New compound destroys hard-to-treat cancers, targets previously undiscovered weakness

SAN ANTONIO, Texas — A protein that destroys hard-to-treat cancers has been discovered by scientists, offering hope of effective new treatments. A team from UT Health San Antonio says experiments on mice and human tissue found it is effective against the most aggressive tumors and exploits a previously undiscovered weakness in the disease.

The compound, called ERX-41, leaves healthy tissue unscathed, while targeting typically hard-to-treat tumors in the breast, pancreas, ovaries, and brain. It is one of the most promising breakthroughs to date, according to the researchers, offering hope of a “one size fits all” cancer treatment in the future.

Results were so encouraging clinical trials are expected to begin in the next few months.

“We identified a critical vulnerability in multiple cancers and have validated our findings in multiple cancer cell types and animal models,” says lead author Professor Ratna Vadlamudi in a university release.

“The range of cell lines and xenografts in which the compound has been shown to work is compelling and indicates that it is targeting a fundamental vulnerability in cancer cells.”

ERX-41 can defeat the deadliest form of cancer

Xenografts are human tumors grown in mouse models for research purposes. The findings could lead to exciting drugs for cancers that have few effective treatments. Prof. Vadlamudi’s lab staff study breast and ovarian cancer with a goal of developing small-molecule inhibitors for tumors that are resistant to current therapies.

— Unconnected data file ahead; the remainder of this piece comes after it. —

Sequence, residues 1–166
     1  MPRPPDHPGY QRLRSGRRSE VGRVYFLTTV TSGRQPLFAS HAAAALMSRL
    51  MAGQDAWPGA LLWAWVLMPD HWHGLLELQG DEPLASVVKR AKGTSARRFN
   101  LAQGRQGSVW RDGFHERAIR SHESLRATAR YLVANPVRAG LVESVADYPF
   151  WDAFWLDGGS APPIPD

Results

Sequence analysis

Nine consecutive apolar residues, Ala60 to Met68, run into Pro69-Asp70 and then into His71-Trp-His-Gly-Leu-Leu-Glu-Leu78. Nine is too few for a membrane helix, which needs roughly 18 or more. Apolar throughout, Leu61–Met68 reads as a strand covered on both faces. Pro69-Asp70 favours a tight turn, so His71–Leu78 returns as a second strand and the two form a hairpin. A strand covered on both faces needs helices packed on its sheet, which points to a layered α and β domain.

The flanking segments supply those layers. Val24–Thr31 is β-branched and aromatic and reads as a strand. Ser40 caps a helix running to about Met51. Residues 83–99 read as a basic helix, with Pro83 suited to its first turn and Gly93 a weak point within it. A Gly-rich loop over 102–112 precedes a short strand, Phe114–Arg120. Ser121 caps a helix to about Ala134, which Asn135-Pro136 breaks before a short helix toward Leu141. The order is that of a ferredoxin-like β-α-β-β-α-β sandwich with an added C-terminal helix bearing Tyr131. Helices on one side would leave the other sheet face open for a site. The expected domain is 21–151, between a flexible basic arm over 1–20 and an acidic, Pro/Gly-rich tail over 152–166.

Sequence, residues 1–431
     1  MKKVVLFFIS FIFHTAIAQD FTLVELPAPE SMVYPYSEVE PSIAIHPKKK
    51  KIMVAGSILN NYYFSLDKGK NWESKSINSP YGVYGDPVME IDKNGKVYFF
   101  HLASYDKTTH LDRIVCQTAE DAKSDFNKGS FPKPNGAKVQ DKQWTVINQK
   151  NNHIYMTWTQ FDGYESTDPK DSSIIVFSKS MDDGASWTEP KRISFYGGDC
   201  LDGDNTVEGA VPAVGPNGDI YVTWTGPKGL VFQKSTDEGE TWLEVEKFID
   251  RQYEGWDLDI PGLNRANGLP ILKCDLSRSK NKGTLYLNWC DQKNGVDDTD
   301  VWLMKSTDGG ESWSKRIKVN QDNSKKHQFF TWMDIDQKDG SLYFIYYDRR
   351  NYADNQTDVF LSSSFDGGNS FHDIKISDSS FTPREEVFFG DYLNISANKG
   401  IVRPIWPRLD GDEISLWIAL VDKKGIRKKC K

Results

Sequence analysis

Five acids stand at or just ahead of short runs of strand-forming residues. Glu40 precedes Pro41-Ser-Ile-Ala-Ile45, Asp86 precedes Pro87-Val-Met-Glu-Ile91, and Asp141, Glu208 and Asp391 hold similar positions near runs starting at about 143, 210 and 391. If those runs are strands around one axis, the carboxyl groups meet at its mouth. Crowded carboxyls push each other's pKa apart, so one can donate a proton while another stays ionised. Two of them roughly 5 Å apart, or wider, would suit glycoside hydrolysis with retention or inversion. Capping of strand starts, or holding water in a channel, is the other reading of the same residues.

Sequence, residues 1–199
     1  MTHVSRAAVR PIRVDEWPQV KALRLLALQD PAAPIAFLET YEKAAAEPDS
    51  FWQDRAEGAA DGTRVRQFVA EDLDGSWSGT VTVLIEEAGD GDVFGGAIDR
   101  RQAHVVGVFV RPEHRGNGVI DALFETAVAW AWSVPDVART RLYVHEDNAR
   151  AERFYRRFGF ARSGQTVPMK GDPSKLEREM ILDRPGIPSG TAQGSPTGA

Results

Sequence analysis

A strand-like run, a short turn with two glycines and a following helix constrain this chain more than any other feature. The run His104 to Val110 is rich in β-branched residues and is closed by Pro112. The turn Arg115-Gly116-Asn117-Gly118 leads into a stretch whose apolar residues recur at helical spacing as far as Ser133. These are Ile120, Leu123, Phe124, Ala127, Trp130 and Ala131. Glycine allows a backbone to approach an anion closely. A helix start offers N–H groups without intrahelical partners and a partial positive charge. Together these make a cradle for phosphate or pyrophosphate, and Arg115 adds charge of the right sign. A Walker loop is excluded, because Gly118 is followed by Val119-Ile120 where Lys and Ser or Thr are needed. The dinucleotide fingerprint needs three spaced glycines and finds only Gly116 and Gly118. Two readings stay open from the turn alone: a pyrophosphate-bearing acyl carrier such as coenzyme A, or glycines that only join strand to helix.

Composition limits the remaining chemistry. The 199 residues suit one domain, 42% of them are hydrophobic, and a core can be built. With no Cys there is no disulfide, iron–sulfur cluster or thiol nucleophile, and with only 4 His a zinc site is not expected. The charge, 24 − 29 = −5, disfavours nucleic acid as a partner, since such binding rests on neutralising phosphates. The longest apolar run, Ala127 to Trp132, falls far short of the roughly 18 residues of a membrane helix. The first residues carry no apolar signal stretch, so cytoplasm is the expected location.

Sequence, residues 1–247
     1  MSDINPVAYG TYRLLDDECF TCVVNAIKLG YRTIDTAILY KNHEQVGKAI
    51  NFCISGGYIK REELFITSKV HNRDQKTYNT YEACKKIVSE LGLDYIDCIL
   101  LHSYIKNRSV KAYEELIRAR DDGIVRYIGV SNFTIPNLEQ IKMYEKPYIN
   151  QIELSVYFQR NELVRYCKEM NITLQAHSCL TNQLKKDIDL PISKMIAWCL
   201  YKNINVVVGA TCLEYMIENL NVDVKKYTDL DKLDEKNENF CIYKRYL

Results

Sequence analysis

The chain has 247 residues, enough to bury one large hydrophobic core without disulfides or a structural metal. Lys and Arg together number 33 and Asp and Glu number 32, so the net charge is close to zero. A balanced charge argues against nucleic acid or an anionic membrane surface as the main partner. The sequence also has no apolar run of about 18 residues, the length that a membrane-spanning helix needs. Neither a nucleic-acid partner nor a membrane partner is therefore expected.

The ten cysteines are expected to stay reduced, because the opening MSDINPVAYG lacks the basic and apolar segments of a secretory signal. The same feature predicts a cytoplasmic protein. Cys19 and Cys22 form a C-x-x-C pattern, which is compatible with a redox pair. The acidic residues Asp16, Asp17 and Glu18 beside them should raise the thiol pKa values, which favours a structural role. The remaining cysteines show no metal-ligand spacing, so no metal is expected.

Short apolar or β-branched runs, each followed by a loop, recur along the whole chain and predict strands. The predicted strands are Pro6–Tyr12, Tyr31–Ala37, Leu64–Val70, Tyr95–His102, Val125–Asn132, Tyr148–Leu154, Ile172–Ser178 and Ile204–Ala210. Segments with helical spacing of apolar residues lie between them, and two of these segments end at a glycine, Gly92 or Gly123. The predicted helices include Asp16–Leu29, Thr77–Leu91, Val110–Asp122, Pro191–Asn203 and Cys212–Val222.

In 2017, they identified a compound called ERX-11 that targets the estrogen receptor (ER) protein that drives most breast cancers. By screening similar chemicals, the researchers showed ERX-41 killed ER-positive and triple-negative breast cancers (TNBCs) in petri dishes.

Triple-negative tumors lack receptors for the hormone estrogen, progesterone, and human epidermal growth factor 2, and are the deadliest form of the disease. The researchers then showed ERX-41 also attacked a large number of human tumors grown from several of these cell lines in mouse models.

It was also potent against patient-derived xenografts, shrinking human tumors grown in lab rodents without affecting normal breast cells or causing any discernible toxicity.

“The safety profile and high therapeutic index of this compound is particularly notable and bodes well for clinical translation,” Dr. Vadlamudi says.

Further tests found ERX-41 is also effective against pancreatic, brain, and ovarian tumors. They are among the most lethal to humans with few effective treatments.

“This vulnerability has a large therapeutic window, with no adverse effects either on normal cells or in mice,” Prof. Vadlamudi adds, according to a statement from SWNS. “Our study implicates a targeted strategy for solid tumors including breast, brain, pancreatic and ovarian whereby small, orally bioavailable molecules result in tumor cell death.”

Dallas-based biotech company EtiraRx hopes clinical trials will be underway in early 2023.

The study is published in the journal Nature Cancer.

South West News Service writer Mark Waghorn contributed to this report.

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